The last week in September the Deliverance, a 58-foot steel pot-fishing boat out of Homer, Alaska, was due to be hauled at the Port of Toledo Shipyard in Toledo, Ore. Then it will be outfitted with, among other things, a new aluminum wheelhouse. The original house is “worn, old and leaking like a pig,” says the Shipyard’s Mike Lee.

The Deliverance was built back in the days when you bolted the wheelhouse to a steel coaming on the deck with an anticorrosive putty-like substance between the metals to prevent electrolysis. But over time electrolysis took over.

The new wheelhouse will again be aluminum and welded to the steel coaming, but with a Detacouple transition joint between the aluminum and steel to prevent electrolysis. That’s a pre-bonded bi-metal strip with steel on one side and aluminum on the other that’s been put on a press and then an explosive charge fuses the metals into each other.

The new aluminum wheelhouse for the Deliverance is about twice as large, matched up to the wider hull. Port of Toledo Shipyard photo.

The new wheelhouse will be about double the size of the original house, matching up with the Deliverance’s hull, which was enlarged when sponsoned at Giddings Boat Works in Charleston, Ore., in 2015, going from 58’ x 18’ to 58’ x 25’ 10”.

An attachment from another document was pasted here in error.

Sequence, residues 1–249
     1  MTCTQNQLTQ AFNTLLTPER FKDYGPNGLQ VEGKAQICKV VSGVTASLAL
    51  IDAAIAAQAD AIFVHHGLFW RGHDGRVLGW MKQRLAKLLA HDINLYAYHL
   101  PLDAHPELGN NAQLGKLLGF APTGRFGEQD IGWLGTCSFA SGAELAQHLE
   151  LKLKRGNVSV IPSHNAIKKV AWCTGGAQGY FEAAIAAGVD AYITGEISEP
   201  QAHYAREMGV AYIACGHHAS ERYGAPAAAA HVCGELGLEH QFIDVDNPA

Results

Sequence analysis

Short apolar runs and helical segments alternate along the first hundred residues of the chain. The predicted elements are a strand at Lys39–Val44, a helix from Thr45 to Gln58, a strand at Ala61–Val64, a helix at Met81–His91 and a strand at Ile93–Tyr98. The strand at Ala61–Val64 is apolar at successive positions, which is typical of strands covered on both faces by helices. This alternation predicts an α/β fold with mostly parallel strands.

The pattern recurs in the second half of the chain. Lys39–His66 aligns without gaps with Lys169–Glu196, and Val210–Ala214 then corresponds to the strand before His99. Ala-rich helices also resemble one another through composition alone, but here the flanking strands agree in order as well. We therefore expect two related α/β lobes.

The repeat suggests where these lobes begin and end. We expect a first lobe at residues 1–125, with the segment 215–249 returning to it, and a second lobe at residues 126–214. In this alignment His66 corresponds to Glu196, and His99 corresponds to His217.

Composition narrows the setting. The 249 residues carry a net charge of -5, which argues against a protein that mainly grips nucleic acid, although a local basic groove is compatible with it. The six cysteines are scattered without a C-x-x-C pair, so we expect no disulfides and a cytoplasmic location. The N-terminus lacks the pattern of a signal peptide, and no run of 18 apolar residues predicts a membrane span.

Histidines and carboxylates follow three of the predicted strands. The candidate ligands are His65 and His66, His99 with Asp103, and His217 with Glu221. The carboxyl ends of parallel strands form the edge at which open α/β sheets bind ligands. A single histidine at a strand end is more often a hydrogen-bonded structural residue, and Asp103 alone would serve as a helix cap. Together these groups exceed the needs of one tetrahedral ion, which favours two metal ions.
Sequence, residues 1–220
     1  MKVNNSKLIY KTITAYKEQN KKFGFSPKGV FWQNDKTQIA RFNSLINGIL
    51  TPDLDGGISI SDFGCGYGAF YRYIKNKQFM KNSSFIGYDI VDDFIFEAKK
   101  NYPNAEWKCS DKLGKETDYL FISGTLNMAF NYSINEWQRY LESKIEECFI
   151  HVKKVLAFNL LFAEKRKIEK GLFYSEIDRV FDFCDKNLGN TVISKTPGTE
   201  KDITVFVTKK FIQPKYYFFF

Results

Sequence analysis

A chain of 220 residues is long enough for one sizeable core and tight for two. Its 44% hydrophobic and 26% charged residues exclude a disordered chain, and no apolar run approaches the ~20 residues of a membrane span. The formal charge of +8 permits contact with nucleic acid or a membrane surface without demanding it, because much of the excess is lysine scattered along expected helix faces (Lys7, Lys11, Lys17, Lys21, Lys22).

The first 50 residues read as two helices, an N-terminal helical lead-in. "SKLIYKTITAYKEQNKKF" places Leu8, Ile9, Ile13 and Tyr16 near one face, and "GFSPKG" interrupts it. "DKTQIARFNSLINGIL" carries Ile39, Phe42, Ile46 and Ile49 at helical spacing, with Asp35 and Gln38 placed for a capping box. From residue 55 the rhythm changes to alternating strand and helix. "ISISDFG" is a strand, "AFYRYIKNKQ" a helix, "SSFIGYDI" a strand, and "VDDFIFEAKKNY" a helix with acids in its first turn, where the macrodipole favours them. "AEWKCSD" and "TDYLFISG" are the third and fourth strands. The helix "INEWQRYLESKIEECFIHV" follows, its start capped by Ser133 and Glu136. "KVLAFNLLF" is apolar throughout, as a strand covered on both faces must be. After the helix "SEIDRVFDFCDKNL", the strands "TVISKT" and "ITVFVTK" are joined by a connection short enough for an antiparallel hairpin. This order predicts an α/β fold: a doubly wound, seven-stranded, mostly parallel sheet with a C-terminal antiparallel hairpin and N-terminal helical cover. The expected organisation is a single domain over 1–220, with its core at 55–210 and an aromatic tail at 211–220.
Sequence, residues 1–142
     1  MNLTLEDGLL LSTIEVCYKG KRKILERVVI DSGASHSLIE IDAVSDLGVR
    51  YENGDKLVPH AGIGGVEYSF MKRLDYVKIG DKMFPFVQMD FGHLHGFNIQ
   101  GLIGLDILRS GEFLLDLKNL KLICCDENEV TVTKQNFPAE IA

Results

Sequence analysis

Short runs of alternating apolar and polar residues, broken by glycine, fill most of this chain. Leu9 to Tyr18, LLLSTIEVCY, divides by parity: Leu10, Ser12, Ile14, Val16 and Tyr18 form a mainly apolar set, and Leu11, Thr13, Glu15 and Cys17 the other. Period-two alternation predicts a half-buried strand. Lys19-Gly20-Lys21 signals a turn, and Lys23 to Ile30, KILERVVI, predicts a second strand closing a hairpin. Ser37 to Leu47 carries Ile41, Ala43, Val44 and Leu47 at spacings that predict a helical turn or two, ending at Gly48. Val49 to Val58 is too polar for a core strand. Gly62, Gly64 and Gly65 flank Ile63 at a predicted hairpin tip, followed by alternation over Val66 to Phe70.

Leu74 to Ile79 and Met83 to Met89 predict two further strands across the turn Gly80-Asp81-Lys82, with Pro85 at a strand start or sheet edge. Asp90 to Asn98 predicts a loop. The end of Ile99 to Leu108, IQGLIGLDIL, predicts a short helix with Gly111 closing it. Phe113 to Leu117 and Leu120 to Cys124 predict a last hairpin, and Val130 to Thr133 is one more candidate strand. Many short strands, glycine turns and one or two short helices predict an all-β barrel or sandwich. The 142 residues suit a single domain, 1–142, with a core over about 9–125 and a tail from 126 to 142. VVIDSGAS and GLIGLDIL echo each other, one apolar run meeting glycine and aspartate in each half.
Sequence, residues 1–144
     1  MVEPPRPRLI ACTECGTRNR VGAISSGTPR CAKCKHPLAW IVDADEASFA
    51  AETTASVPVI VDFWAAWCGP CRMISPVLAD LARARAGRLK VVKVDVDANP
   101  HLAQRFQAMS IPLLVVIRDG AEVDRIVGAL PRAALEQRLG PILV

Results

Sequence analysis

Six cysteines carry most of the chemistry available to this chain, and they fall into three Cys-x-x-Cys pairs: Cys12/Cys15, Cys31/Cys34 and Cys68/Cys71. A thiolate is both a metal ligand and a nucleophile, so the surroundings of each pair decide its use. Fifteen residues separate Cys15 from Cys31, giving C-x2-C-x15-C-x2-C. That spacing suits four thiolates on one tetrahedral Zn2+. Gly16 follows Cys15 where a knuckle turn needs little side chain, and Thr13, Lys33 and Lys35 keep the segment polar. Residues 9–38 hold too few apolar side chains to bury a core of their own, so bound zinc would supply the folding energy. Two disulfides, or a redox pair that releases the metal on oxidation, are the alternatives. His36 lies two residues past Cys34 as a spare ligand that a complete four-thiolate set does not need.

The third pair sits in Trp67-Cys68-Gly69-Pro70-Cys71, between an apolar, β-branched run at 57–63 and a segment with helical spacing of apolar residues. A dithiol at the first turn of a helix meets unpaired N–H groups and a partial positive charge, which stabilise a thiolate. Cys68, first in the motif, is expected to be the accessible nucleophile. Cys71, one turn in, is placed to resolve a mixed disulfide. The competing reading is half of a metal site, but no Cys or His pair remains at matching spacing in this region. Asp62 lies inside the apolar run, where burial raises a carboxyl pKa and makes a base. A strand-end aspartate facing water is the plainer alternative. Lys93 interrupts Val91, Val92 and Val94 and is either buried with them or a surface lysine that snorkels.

The Deliverance will also receive “an all new interior,” says Lee, and be repowered with a larger engine. With the wheelhouse removed, a hole will be cut in the galley deck to pull out the 323-hp Cummins, exchanging it for  a 740-hp Yanmar, along with a new gear, generator, bearings, stern tube and prop.

“Have to put a new shaft in and the stern tube isn’t big enough,” says Lee. The rudder might also have to be replaced because “there will be a lot of thrust pushing on that thing.”

He speculates that more than doubling the Deliverance horsepower might be because the boat’s owner is “thinking about dragging and having the horsepower to do it,” instead focusing primarily on pot fishing for black cod.

At the end of the summer - other than the Deliverance -  most of the Port of Toledo’s work was maintenance related on smaller boats. However, there’s the potential for what Lee calls “a huge project” involving a 55’ x 19’ Dungeness crabber out of Astoria, Ore.

The boat would be cut in two at the engine-room bulkhead, then sponsoned out to 26 or 28 feet. The crabber would also gain a new bow - making her a 58 footer – and new wheelhouse, and be repowered. Some engineering time has started, but the deal hadn’t been finalized at the end of September.

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Michael Crowley is the former Boats & Gear editor for National Fisherman.

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